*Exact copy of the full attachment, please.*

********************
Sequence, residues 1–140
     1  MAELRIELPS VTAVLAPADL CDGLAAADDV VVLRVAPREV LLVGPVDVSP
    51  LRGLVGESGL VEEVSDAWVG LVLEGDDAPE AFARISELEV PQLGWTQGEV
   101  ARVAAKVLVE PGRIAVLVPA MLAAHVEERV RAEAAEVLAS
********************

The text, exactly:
Sequence, residues 1–140
     1  MAELRIELPS VTAVLAPADL CDGLAAADDV VVLRVAPREV LLVGPVDVSP
    51  LRGLVGESGL VEEVSDAWVG LVLEGDDAPE AFARISELEV PQLGWTQGEV
   101  ARVAAKVLVE PGRIAVLVPA MLAAHVEERV RAEAAEVLAS